New Delhi, Nov 27 : Archaeologists have found evidence in recent excavations in China that suggest the color red could have been used in clothing 15,000 years ago.
The archaeological team, led by Li Zhanyang, a researcher with Henan Provincial Institute of Cultural Relics and Archaeology, did the excavation on lake-based ruins in Xuchang, central China's Henan Province.
According to Li, their excavation team found from the soil strata dating back 15,000 years, or the late Paleolithic Era, more than 20 pieces of hematite, one of iron oxides commonly used as a dyestuff.
Three dozen thin instruments made of animal tooth enamel, plus seven needles made of the upper cheek tooth enamel of a rhinoceros sub-species now extinct, were also found.
It is the first time in China that iron oxide of such high concentration has been excavated from the ruins of the late Paleolithic Era, claimed Li.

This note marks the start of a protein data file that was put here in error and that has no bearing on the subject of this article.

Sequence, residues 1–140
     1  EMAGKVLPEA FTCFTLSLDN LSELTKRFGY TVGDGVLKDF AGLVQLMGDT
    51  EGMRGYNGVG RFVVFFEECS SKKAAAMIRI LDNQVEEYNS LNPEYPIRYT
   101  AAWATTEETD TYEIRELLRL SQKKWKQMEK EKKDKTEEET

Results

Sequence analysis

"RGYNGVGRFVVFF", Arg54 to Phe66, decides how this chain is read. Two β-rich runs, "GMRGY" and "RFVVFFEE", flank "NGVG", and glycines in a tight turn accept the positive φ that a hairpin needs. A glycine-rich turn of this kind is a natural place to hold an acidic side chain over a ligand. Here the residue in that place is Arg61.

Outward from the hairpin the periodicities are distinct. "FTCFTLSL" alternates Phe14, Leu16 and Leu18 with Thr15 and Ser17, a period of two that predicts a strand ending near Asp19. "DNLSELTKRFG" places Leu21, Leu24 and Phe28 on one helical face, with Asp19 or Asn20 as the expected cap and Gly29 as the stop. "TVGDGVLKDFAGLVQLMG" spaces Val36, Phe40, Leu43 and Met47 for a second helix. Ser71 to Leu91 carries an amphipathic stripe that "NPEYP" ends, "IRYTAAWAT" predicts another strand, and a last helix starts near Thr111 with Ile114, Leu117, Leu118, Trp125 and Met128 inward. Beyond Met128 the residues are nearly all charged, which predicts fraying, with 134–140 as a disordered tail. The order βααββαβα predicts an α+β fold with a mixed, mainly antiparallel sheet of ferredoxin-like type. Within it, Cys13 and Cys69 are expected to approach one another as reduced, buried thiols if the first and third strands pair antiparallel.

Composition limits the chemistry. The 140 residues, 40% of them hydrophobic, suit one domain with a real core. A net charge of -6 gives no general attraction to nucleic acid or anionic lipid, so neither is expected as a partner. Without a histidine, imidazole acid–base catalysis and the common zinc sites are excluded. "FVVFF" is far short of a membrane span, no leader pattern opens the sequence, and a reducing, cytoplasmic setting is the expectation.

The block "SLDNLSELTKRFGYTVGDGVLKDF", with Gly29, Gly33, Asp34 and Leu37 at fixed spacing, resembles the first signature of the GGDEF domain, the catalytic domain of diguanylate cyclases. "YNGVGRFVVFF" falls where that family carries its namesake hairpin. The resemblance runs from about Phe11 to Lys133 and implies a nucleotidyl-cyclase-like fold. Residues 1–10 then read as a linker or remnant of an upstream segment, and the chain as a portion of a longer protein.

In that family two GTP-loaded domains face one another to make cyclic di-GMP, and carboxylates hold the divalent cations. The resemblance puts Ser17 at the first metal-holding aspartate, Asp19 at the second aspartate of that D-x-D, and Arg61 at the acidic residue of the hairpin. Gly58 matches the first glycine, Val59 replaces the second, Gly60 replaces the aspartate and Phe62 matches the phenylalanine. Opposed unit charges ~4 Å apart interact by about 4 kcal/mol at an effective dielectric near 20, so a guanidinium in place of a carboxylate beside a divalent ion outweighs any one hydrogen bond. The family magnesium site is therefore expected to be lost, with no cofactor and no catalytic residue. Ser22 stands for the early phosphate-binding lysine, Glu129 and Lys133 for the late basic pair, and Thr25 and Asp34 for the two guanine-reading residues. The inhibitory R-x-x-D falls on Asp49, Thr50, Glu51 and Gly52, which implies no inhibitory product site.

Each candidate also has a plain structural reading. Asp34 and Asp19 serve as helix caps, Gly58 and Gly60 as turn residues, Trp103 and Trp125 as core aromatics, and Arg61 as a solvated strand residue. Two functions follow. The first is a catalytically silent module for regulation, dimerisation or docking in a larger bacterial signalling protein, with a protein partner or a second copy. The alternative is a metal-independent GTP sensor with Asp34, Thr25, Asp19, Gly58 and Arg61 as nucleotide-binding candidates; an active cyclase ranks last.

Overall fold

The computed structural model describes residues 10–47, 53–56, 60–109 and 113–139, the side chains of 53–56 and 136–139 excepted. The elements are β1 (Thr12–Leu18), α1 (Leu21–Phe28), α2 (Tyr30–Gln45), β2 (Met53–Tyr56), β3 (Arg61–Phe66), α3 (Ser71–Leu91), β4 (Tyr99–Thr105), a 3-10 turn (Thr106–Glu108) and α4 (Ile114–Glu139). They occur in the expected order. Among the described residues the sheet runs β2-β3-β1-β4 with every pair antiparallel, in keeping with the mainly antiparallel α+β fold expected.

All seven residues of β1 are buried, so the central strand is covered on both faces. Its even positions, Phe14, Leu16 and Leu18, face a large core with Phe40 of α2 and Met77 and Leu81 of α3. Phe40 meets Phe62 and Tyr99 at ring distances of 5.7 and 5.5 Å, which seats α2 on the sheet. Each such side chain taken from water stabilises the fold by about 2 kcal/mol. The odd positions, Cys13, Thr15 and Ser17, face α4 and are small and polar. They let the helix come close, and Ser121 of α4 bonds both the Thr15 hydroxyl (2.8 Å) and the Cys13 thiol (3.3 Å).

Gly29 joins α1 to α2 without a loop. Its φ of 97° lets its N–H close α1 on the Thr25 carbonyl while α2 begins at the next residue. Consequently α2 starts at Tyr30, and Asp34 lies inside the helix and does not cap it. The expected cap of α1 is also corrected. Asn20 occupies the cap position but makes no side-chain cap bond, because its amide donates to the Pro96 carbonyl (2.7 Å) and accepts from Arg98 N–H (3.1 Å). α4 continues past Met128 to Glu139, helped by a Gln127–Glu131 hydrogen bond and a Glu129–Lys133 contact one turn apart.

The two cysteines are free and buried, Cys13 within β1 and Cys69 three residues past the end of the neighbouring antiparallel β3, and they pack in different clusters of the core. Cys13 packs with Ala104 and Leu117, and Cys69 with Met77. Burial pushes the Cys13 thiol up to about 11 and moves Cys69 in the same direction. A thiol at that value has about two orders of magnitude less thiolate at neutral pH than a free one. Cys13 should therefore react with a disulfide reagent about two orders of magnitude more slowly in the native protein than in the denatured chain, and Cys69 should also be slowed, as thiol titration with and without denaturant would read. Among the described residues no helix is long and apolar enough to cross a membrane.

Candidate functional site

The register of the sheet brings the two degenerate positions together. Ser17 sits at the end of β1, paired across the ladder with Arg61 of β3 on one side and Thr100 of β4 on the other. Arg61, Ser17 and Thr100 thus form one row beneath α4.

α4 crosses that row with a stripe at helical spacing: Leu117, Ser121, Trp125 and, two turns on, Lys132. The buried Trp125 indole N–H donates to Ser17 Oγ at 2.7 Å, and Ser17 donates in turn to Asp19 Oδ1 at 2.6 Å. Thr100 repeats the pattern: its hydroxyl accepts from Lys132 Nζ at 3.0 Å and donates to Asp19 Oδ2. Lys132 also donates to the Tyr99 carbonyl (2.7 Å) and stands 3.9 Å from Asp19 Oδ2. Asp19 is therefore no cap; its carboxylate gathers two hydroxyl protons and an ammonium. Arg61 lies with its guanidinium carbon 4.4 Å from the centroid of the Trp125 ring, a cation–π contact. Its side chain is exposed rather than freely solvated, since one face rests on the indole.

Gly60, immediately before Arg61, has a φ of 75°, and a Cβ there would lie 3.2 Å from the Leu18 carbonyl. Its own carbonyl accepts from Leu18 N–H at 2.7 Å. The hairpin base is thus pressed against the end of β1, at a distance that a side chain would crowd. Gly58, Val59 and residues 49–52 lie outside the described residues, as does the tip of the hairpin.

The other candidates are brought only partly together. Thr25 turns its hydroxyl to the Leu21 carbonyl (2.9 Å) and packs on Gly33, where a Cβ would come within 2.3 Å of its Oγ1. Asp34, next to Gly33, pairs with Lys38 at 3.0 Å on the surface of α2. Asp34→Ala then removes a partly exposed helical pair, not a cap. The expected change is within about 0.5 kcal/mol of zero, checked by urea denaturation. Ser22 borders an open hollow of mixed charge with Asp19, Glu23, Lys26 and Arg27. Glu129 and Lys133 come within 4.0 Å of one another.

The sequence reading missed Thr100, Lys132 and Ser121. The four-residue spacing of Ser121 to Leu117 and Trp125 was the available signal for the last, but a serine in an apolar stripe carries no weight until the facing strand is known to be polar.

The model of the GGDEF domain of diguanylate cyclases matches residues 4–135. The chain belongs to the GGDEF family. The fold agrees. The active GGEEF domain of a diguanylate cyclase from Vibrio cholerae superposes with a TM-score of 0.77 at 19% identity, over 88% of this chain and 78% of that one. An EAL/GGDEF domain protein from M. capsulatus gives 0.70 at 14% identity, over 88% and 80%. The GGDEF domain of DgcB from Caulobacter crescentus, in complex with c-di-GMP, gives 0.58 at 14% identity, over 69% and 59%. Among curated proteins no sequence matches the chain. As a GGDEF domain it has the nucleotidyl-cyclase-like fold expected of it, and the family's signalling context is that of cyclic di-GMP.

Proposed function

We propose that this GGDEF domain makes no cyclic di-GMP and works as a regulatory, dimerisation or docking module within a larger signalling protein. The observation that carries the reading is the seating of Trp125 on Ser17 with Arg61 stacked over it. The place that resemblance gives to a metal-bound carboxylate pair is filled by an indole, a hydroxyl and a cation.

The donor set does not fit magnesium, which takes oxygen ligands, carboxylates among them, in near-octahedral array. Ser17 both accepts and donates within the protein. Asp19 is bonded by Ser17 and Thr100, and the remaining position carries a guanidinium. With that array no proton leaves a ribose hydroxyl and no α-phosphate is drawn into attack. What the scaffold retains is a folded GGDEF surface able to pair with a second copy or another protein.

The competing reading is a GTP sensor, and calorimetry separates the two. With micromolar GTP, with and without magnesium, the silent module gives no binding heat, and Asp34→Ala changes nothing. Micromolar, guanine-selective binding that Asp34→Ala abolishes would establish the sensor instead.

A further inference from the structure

"Through excavation, we are confident that these hematite were deliberately brought to the Xuchang ruins from afar by ancient people, as Xuchang does not produce such minerals," said Li.
The ruins used to be the location of a lake where activities such as clothes making, food preparing, water drinking were clustered, according to Li.
"I believe the people who lived there might have used hematite to dye clothes, which was quite different from Upper Cave Man at Zhoukoudian of Beijing who used hematite as a sacrifice to the dead, or from Europe, where ancient people there used hematite to draw cave murals," he added.
Li said that lab work proved the thin instruments made of animal tooth enamel might have be used as articles similar to buttons in present times.
"There has been evidence suggesting people dating back 15,000 years could have made advanced fur apparel. If that is true, the most popular color might have been red," said the Chinese archaeologist.